The following morning came around with an early start, as I had warned everyone during dinner. Florence was already in the kitchen when I arrived shortly after daybreak, which was around 5am. Once everyone had eaten, the younger three boys got to work feeding the chickens, collecting the eggs, and starting on picking the corn from the storks, and carrying the full crates inside.
Meanwhile Archie and Simeon fed and watered the horses and dairy cows and did the milking, while I made a start with the cutting of the hay. When I saw the neighbour’s buggy arrive, it had the whole family onboard, and I wondered why.
“Good morning to ye, Mr Cameron,” Mr O’Grady said as I approached them.
“Good morning, Mr O’Grady,” I replied, and shook his hand.
“This is my wife Helena, my son Patrick and my daughter Margaret. Family, this is Mr Edwin Campbell,” Mr O’Grady said making the introductions.
“I was only expecting the men, but if you ladies want to work too, you are most welcome to do so,” I said to the neighbours.
“We are here to work, Mr Campbell, so just show us what to do, and we shall do it,” Mrs O’Grady stated firmly.
Well I know who the boss is in that family, I thought to myself, as I lead the way to the oat crop with a small grin on my face. With the Clydesdales already harnessed to the wagon, and waiting patiently to do some work, Mr O’Grady and I got to work cutting the hay, while Mrs O’Grady collected it and tossed it onto the back of the wagon, and their children swatted the oats, to collect the seed and scoop it all into the hessian bags and tossthe straw back over the side.
When Archie and Simeon had finished their jobs, and seeing that we had everything under control in the oatcrop, they continued picking the corn, and carrying it indoors, so it could be de-husked, which Florence was keeping a close watch on, while she cleaned and prepared the midday meal for everyone, which today was oats and vegetable soup and bread, with sweet biscuits for after, as a treat.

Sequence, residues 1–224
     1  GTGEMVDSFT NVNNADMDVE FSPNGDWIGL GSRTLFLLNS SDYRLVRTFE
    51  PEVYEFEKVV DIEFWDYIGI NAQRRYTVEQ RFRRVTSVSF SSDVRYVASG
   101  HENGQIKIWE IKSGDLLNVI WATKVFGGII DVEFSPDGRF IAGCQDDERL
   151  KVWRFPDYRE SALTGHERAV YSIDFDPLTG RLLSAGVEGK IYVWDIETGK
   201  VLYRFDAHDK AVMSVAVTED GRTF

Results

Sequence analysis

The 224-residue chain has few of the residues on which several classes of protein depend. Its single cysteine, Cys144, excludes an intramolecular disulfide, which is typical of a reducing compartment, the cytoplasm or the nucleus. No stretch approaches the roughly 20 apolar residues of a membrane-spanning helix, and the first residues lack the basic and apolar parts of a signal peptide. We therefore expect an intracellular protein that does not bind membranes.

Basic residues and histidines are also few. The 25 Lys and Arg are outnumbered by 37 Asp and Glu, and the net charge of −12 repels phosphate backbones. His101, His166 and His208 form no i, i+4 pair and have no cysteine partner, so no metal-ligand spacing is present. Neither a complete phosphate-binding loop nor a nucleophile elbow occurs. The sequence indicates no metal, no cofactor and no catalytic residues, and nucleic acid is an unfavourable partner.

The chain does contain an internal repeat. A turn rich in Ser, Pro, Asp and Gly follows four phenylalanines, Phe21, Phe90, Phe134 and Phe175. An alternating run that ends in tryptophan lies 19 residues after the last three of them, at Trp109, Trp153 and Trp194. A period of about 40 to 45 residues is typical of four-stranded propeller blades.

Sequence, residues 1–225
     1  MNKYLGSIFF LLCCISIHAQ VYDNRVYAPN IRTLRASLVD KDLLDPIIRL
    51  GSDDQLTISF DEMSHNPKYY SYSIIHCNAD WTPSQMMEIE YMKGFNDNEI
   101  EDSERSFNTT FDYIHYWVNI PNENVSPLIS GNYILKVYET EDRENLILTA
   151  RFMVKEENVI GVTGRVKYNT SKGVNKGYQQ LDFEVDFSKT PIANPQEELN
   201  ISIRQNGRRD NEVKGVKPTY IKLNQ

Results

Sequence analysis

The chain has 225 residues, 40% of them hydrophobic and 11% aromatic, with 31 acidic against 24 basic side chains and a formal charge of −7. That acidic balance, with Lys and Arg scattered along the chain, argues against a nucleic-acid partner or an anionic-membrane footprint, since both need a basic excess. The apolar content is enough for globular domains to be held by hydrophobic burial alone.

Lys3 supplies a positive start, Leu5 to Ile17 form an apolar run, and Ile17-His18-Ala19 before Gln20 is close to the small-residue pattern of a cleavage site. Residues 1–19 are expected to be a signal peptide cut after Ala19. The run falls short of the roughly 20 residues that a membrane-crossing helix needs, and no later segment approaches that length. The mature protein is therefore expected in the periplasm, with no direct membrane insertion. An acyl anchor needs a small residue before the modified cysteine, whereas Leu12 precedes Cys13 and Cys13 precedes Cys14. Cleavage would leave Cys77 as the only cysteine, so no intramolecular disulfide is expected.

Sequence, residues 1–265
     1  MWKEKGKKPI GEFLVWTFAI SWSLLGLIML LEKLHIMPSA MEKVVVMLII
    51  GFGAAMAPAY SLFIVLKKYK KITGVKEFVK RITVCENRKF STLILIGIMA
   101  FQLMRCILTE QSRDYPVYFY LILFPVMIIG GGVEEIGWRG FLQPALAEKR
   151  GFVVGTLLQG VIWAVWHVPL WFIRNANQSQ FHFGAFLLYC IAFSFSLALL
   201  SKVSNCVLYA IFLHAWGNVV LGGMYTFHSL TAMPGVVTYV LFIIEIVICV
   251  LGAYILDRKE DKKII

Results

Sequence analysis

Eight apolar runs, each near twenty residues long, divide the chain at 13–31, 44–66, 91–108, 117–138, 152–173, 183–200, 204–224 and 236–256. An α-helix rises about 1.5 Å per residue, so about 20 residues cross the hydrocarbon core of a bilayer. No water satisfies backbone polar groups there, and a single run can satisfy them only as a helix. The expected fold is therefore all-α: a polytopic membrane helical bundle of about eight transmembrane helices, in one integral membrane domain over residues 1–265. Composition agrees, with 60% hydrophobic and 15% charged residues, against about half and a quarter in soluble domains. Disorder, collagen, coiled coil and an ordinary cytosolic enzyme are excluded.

“This looks like a wonderful meal, thankyou,” Mrs O’Grady said as they entered the dining room to eat.
“This is my housekeeper, Mrs Florence Applegate,” I said making the introduction.
“Are you related to the Applegate family, who own the farm down yonder?” Margaret asked.
“Yes, dear, that is us that owns the farm, but I lost my husband and daughter due to illness, and Mr Cameron hasbeen kind enough to take us in,” Florence replied.
“We are so sorry to hear that Mrs Applegate. Thank heavens you have a kind neighbour to help you in time of sorrow and need,” Mrs O’Grady said.
“Thankyou for your kind words. My children have already eaten, so there is room for all of you to take a seat,” Florence said to everyone.
“So, how long have you been on this farm then? May I call you, Edwin?” Mr O’Grady asked.
“Yes, that is fine. Archie and I arrived in early February this year, with some stock, and supplies, and our youngest brother, Simeon, arrived here just a month ago in late November,” I replied.
“You have done all of this in just ten short months?” Mrs O’Grady asked.
“Yes, that is right. A lot of hard work and long hours. Florence’s older two boys came to stay when the illness began, and they have been a great help with building the yards and planting crops,” Archie replied.
“Well you have certainly achieved a lot. Do you have family where you come from?” Mr O’Grady asked.
“Yes, we are from Plymouth, England, and our parents still live there along with our three younger sisters,” I replied.
“Well, quite a large family you have,” Mrs O’Grady stated.
“Yes, and we do miss them, but for now it is best that they stay there, until we have the farm properly set up. We still have lots of fences to build, and new vegetable crops to harvest and plant,” I said.
Copyright Preston Wigglesworth January 2019 All Rights Are Reserved